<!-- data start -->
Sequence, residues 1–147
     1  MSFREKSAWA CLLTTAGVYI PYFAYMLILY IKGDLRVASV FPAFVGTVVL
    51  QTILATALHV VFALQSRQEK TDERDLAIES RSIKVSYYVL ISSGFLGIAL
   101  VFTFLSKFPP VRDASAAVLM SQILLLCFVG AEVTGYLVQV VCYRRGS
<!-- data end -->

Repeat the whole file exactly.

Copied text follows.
Sequence, residues 1–147
     1  MSFREKSAWA CLLTTAGVYI PYFAYMLILY IKGDLRVASV FPAFVGTVVL
    51  QTILATALHV VFALQSRQEK TDERDLAIES RSIKVSYYVL ISSGFLGIAL
   101  VFTFLSKFPP VRDASAAVLM SQILLLCFVG AEVTGYLVQV VCYRRGS